Like many youngsters growing up, I had dreams of being an actor. As my family can attest, I spent countless hours of my youth pretending to be my heroes, whether it be Michael Jackson or Bob Marley.


As I grew older, whereas the dreams of my peers may have dampened, my aspirations for acting only became further ingrained in my goals for the future. I continued to commit my life to this journey, eventually ending up pursuing a degree in acting during university. It was during this time that I discovered Black actors such as Sidney Poitier, who inspired me with their grace and dignity on screen despite a society shrouded in racism and prejudice.

These images of Black excellence cemented in my mind the idea of an acting career that would consist of playing roles that fit me rather than generalised versions of something as superficial as being a "Black man". But when I broke into the industry, it became clear that this was not the reality for an actor of colour like myself. For us, there are obstacles that are faced that simply are not encountered by our white counterparts. While we experience the normal stresses of day-to-day casting calls and auditions – relentlessly reading over lines, attempting to ignore pre-read nerves, figuring out how to set ourselves apart from other actors – there is an added layer of difficulty; for almost every Black actor, we have to navigate spaces where we are placed into boxes that restrain our opportunities and talents.

I have seen this issue first-hand. Sometimes non-person-of-colour casting agents often make suggestions regarding my performance and audition choices that are rooted in stereotypes.

I am made out to be a caricature that is meant to align with a skewed perception of Blackness. Over the past couple years, discussions about these problems within the industry have begun to be taken more seriously. Following the killing of George Floyd in the United States during the summer of 2020, calls for racial justice and equity started to make waves across all areas of life.

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This was especially true for the realm of entertainment, with more and more people pushing for diversity on screen. Even though increased representation on screen is certainly important, it is still clear that the foundational issues I have seen over the years are persistent. Despite the fact that more Black and people of colour actors are being cast in TV and film, I have continued to struggle with the issue of ingenuine roles being cast for myself and my peers — roles that reinforce harmful stereotypes about the Black community. The reason for this stagnation can be traced back to those behind the camera: the executives, agents, and other decision makers within the industry. Because of the top-down structure, many of the decisions made that allow for these problems to continue are because of the people behind the scenes, many of whom are usually white.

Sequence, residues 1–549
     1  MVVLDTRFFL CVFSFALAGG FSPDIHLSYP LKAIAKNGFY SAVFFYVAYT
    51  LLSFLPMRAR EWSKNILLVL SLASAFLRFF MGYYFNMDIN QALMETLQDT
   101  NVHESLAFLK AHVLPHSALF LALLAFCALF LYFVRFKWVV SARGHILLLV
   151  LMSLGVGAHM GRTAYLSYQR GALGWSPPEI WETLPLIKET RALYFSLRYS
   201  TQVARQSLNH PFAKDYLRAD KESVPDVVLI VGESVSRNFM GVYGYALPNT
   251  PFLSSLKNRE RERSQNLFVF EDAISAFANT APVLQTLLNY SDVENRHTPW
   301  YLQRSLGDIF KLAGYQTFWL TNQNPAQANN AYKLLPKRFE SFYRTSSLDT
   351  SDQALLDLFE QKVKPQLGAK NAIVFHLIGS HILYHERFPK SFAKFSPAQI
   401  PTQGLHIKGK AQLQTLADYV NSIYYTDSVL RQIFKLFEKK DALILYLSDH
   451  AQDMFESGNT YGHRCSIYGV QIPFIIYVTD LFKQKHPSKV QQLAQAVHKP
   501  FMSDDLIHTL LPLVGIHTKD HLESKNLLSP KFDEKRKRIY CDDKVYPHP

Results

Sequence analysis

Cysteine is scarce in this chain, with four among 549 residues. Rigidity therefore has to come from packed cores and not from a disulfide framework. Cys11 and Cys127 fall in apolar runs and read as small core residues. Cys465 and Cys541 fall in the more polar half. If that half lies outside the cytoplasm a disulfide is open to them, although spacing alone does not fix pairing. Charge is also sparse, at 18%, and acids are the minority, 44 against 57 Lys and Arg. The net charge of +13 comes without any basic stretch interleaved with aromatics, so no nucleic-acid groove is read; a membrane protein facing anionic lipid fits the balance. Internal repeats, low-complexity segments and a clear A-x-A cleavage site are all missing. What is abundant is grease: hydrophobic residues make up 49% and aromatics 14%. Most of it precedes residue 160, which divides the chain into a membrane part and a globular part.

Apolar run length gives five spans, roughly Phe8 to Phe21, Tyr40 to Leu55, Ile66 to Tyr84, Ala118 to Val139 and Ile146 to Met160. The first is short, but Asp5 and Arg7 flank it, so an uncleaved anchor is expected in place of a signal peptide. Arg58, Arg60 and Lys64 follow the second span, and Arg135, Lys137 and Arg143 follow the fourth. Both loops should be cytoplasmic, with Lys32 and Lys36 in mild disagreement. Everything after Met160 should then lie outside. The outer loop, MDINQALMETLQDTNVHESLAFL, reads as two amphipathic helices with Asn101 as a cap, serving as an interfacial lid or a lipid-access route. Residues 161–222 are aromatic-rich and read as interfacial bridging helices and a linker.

In my recent interview with Dr Clive Nwonka, a Lecturer in Film, Culture, and Society at UCL’s Institute of Advanced Studies, he discussed these structural flaws. "Let's make sure there are people of colour who are in stakeholder positions in institutions who can enact some kind of change within that framework," Nwonka said. "Let’s make sure there are people off screen in above-the-line roles who are cinematographers, screenwriters, and producers." Unfortunately, these discrepancies can widely be attributed to systemic inequities connected to both race and class. Due to barriers that stand in the way of success for many Black people in the entertainment industry, it is hard to find a set where genuine insight into representation can be offered.

In order to combat this problem, it is crucial that the industry looks to expand representation not just on screen but in all aspects of production. Not only does this allow for more organic inclusion, but it also creates safe spaces for Black actors who may otherwise feel outcasted in the traditional setting.

Tobi Bakare plays JP Hooper in Death in Paradise
Tobi Bakare played JP Hooper in BBC One series Death in Paradise

When we are in these positions, it is easier to look out for and help other Black entertainers.

"My skin colour doesn’t tell my story," said Death in Paradise actor Tobi Bakare. "What tells my story is my history, my culture, my family." Speaking to Bakare made me realise that one's status in this industry does not matter, a lot of us are faced with the same challenges.

As someone who has experienced many of these problems, I find it important to make a push for change. I never set out to be a spokesperson on the issues of race and representation in these spaces. But as I went through my own challenges of finding myself as an artist and not being able to have certain opportunities because of the systemic issues, it required me to use my voice and platform so that I could help inspire and lead the way for change. Diversity on and off screen should be the true end goal and not just tokenism.

Ricardo P Lloyd is a British actor and presenter. You can follow him on Twitter @RicardoPLloyd and Instagram: ricardoplloyd.

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